Worth the wait
March 18, 2022
By Julia Hollister
Kumamoto oyster takes three times as long to grow, but it always delivers
“The small and tasty West Coast Kumamotos are always popular for two reasons,” says Steve Sancimino, owner of the Swan Oyster Depot in San Francisco. “They are creamy with a briny flavor and customers love the small size.” Not to mention the very deep cup that holds its juices.
More than 75 years since Kumamoto (Crassostrea sikamea) oyster seeds first arrived in the United States from Japan, “kumies” have cemented their place in tahe market. Washington State-based Taylor Shellfish Farms, the largest producer of farmed shellfish in the US, says they share the top rank as “many people’s favorite” along with tide-tumbled Shigoku and Fat Bastards.
“They tend to be in nice condition for eating raw throughout the year,” says Bill Dewey, director of public affairs at Taylor Shellfish. “They require warmer temperatures to condition and spawn than Pacific oysters so they stay firm and marketable well into the summer. They are one of the more expensive oysters mainly because of their long grow-out period compared to the other species. As a result, there are more costs in producing them as far as tying up ground, crop maintenance, etc.”
Seed production can be challenging for all species and Kumamotos are no different. “We have good and bad years with Kumamoto seed production and, as is most often the case, we struggle to understand the reasons,” says Dewey.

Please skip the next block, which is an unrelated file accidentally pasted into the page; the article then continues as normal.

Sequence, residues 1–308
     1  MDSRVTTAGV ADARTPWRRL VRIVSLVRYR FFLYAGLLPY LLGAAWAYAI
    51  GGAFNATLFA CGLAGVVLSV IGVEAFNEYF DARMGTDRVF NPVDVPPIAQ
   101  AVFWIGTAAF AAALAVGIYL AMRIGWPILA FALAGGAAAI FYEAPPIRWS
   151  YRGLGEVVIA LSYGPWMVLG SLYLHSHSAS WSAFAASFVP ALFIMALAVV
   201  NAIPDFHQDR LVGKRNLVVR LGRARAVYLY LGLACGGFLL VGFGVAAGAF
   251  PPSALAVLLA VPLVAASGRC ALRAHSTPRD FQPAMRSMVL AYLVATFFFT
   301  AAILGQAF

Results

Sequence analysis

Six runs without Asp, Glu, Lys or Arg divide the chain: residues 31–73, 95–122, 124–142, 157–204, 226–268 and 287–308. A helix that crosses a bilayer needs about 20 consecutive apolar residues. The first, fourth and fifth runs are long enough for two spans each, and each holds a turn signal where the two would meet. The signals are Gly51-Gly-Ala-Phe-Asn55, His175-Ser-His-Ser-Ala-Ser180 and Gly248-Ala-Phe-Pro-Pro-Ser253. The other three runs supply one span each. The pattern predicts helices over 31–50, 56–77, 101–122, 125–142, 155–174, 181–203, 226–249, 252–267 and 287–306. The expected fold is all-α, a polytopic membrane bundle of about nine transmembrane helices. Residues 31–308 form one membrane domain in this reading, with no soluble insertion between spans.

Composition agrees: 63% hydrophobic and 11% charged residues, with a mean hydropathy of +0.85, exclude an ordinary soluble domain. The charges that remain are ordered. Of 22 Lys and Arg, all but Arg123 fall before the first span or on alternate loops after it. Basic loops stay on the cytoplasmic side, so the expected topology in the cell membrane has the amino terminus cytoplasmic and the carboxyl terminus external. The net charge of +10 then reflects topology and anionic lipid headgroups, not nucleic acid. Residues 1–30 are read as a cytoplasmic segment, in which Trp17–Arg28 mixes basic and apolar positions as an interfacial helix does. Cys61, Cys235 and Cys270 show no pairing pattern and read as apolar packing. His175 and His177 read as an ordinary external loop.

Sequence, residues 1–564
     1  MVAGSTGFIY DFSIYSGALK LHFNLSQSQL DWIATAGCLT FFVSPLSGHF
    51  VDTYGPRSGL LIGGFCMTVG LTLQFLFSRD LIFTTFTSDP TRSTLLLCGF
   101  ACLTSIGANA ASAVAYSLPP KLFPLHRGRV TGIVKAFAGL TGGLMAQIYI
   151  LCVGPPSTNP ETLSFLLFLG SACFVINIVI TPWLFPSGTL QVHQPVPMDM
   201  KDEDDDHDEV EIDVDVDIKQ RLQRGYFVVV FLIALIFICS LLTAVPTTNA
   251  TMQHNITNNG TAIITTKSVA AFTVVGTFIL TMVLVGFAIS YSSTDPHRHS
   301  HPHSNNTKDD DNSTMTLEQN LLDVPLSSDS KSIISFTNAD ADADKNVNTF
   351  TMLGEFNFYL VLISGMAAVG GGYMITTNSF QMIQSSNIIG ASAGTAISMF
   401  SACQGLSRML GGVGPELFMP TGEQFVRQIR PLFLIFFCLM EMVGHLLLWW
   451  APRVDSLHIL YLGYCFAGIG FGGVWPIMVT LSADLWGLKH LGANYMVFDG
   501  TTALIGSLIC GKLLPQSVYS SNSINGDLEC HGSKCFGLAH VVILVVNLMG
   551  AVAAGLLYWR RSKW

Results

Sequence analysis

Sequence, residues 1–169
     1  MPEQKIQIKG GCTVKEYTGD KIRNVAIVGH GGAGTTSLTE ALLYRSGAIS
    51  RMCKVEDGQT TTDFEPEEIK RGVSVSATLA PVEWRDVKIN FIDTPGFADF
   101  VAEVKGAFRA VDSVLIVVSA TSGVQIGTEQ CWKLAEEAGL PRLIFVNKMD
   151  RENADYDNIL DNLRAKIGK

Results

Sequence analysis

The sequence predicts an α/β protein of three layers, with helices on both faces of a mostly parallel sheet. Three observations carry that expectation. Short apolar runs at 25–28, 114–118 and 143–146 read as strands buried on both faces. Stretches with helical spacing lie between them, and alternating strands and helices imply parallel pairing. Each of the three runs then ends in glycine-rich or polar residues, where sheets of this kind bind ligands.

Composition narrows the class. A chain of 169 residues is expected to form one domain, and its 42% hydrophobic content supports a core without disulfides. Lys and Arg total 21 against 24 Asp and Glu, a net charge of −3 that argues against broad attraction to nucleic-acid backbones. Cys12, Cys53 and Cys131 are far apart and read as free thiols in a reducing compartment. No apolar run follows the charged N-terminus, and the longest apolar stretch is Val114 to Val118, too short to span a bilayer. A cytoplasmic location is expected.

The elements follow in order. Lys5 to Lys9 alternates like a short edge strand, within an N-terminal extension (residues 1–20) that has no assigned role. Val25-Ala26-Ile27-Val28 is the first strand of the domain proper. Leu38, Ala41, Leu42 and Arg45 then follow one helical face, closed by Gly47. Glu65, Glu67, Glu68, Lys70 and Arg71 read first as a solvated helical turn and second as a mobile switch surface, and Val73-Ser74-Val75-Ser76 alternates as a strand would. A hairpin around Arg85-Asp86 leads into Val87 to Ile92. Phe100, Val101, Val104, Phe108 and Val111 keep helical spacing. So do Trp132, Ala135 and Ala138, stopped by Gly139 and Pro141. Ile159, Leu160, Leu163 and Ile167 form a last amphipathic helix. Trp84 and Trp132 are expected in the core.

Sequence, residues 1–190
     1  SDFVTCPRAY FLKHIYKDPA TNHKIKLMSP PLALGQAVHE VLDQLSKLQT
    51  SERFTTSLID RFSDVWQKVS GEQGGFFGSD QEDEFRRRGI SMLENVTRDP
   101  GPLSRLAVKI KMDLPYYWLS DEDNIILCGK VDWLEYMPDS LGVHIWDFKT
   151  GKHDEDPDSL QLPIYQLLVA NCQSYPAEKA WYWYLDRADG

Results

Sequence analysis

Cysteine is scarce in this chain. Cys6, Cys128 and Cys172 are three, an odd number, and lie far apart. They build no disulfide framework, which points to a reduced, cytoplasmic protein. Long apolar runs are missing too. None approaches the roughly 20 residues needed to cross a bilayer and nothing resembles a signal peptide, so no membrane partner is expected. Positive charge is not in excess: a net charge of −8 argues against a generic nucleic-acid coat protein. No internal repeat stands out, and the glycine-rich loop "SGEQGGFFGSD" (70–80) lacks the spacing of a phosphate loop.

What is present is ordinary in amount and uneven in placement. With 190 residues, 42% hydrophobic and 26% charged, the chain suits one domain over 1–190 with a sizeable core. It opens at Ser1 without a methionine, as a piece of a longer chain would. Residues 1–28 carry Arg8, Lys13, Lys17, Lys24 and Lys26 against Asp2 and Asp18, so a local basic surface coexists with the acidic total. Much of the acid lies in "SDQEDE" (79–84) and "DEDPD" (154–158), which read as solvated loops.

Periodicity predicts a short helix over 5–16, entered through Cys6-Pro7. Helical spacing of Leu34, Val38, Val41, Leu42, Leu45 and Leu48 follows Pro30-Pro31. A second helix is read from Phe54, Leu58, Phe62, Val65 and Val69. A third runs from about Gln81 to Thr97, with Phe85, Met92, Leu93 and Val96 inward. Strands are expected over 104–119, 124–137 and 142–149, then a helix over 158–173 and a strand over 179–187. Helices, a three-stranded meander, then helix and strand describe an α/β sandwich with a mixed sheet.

Farming methods are similar to other bottom cultured oysters. Seed production starts in the hatchery and transitions to a floating upweller system, or “flupsy,” a nursery in open water where they stay for a period of time until they are large enough to survive being out on the farm for growout. The process takes three to four years compared to 12 months for Pacific oysters.
Taylor has a site dedicated to growing Kumamotos. The Chapman Cove site in Oakland Bay, WA has lots of food available for the oysters. Two crops are farmed on the site: Manila clams are growing in the ground under the Kumamoto crop. Once the oysters are harvested, a clam-digging crew harvests the clams then reseed the site with both crops to start the cycle again.
In the early days, scientists discovered that the small oysters hybridize with Pacific oysters (Crassostrea gigas). This made true Kumamoto broodstocks very difficult to find. Taylor Shellfish went back to the Kumamoto prefecture in Japan to secure true Kumamotos, rearing them through F2 generation in quarantine at the Oregon State University to address any disease concerns, then bringing them to the Taylor hatchery to produce true Kumamoto seeds.
It took two trips to Japan to accomplish this. The first year ended with the discovery – upon returning with what appeared to be Kumamotos – that they were actually hybridized. They went back a second year and did the genetic analysis before returning home with them.
“Beyond the initial challenges of securing true Kumamoto seed I would say they are not harder to grow than other oysters,” Dewey says.
Martin Seiler of Tomales Bay Oyster, located north of San Francisco, concurs.
“The best part of raising Kumamotos is the harvesting schedule. We can harvest them year-round, and I feel they are at the best quality in late Fall through early Spring.”